On the up side, we're adding a date with the Fort Wayne Tincaps in mid-May. I'll be taking my younger nephew to his first real game (if we allow that a Padres affiliate is "real"). I don't expect that he'll get too much from it other than indigestion from a surfeit of cotton candy, but I still carry a vivid memory of the first game my father took me to, at Fenway Park for the last game of the 1974 season, against Greasy Gaylord Perry and the Cleveland Indians. Yes, I know going to Fenway is qualitatively different than going to a minor-league team in Indiana, but we have to work with the available materials—when I was my nephew's age, I lived in southern New Hampshire; he lives in Lima, Ohio. At least we each will have crossed a state line to see our first professional game, which I am fairly certain is not a Mann Act violation. And let's remember, anyway, that 1974 was the year before Fred Lynn and Jim Rice exploded onto the scene—they were each on the verge, and Dwight Evans and Yaz were already in place, but the future wasn't quite now yet, if you follow me. Rice did in fact play in that last game of '74, but third base was manned that day by someone named Terry Hughes, not Rico Petrocelli. The Sox finished seven games out, behind the late Mike Cuellar's Orioles and the Yankees.

I can't recall how he did it, but somehow my father arranged to have me taken out of second grade that Wednesday morning so we could drive down to Boston. I was fascinated by the highway signs and probably read the majority of them aloud, which I'm sure helps explain why these outings didn't happen more often. Unsurprisingly, I don't recall much of the game, except for the final score and the confusion I experienced when at the end people kept saying "See you next year"—I hadn't realized in was the last game of the season. Worse, the final score (11-0, with Perry pitching a complete game) that I recall so clearly is not in fact delineated in the historical record: apparently it was really 8-6, though Perry did pitch wire to wire. (Thanks, Retrosheet, for wiping out an imprecise piece of my childhood.)

Does it matter that I don't really remember the game the way it happened? I mean, for all I know, Bernie Carbo could have been rolling spliffs in left field. I don't think it does matter. If all my nephew recalls of the Tincaps is that they have an angry tomato-like thing (or is it an apple?) for a mascot and that he felt sort of seasick in the car on the way home, well, that's OK with me. With any luck it will be a memory of the time his cool uncle actually was cool and not a broken-down bore who won't shut up about that big cheater-faker Gaylord Perry and the joys and perils of Brylcreem.

Thursday, April 1, 2010

Looking Forward, Looking Back

Opening day for the Mets is Monday, the day after Easter. Season of rebirth and renewal? It is not looking that way. The 2009 season was plagued by injuries and this year has started the same way, with Carlos Beltran, Jose Reyes and Daniel Murphy on the disabled list. I went to the first game of the season in the new stadium, Citi Field, and the last. Some fans were happy to see the season end.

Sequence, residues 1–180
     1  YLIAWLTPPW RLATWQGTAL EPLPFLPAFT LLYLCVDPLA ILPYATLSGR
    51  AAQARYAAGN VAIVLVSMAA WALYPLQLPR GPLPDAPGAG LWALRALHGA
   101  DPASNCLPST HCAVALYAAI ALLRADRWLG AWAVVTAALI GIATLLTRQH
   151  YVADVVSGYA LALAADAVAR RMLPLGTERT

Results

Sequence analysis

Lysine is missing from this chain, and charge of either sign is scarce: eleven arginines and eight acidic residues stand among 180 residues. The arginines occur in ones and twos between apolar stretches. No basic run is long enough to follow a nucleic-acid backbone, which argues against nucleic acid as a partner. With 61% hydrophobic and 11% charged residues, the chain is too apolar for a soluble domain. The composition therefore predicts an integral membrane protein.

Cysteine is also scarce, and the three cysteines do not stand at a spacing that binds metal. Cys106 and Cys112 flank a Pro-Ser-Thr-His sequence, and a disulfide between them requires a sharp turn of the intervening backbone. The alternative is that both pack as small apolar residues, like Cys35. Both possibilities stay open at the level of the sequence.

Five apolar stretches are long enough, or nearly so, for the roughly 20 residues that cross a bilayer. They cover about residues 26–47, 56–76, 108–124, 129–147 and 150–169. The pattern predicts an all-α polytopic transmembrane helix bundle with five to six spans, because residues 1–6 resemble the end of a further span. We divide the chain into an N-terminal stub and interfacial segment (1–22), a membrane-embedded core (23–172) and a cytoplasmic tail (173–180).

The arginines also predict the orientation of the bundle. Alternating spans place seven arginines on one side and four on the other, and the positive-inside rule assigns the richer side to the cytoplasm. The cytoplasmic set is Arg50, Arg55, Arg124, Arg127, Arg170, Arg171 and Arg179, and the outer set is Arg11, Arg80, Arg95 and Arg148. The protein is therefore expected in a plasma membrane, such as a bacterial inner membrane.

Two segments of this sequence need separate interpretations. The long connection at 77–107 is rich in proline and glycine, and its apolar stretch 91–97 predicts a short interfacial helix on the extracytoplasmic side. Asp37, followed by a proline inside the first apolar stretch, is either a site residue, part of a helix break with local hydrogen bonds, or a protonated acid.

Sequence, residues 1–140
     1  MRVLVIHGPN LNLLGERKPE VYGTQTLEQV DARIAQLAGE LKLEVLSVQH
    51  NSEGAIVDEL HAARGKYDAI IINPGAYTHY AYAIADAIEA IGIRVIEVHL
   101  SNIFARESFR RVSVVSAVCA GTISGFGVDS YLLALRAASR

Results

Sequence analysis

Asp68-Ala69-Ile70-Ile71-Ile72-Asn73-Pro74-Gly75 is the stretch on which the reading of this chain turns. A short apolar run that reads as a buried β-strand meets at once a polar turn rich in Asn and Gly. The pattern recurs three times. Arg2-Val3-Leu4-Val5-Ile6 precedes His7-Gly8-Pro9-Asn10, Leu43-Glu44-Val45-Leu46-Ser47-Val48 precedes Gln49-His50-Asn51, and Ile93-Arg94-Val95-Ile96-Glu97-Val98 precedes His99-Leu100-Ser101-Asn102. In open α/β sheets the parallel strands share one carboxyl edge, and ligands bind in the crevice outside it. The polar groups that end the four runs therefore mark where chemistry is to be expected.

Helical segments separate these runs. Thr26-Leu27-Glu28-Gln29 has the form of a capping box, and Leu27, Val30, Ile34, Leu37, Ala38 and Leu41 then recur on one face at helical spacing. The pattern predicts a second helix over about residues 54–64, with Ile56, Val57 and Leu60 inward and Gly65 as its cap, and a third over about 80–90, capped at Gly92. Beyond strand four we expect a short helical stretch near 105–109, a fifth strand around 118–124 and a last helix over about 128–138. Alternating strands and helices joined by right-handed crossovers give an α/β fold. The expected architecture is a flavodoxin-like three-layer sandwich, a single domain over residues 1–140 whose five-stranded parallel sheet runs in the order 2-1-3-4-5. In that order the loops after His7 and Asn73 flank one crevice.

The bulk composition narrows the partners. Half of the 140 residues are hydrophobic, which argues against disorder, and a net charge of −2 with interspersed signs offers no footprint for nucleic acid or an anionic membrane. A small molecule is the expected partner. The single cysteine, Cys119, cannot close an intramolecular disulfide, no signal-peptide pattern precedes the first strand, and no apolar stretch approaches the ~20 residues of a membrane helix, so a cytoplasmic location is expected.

When a lot of players are injured and the season is in the toilet, the second string takes the field. Nelson Figueroa, who for me epitomizes the quadruple-A player who can't stick in the majors, pitched a complete game shut-out on the final day--the first at Citi Field and so it goes in the record books.

Figueroa holds a special place in my heart. He grew up in Coney Island and started for the Binghamton Mets in the very first minor league game I saw. He pitched a scoreless eighth inning in last year's Triple-A all-star game, which I attended with my father. I also saw him on the sidelines at a Tucson Sidewinders game when he was in the Diamondbacks organization. Figueroa spent time with the Phillies, Brewers and Pirates before finding his way back to the club that signed him. He pitched 13.2 innings this spring, with a 4.61 ERA, very close to his major league career stat. Looks like he'll be shufflin' off to Buffalo.

One of the reasons I root for the Mets and not that team in the Bronx is the announcers are consistently better. And they're not "homers;" I detest that. Former player turned announcer Ron Darling predicts the Mets will win 85 games this year. I figure that has us finishing third. I'm skipping opening day but have tickets to see the Cubs, Dodgers and Phillies. You know you're pessimistic when you pick games based on who the visiting team is. Still, a bad day at the ball park is better than a good day fishing--I think that's how the bumper sticker reads. Citi Field is an enjoyable place to see a game. It's quite similar to Citizens Bank Ballpark, with marquee food behind the outfield for example, but frankly not quite as nice. It's the little things in Philadelphia, like the stainless steel counters behind the seats in case you want to finish your food before sitting back down.

Go even further beyond the outfield and you find yourself in the "Iron Triangle," which yet another New York City mayor is struggling to eradicate in favor of some master-planned community.

I only bought Mets tickets through May, waiting to see when Mel and I were going to hit the road. The first trip is next week and includes two opening day games. Then it's Ohio and points in-between in July. As Major League Baseball sloganeered in the early part of the decade, "I live for this."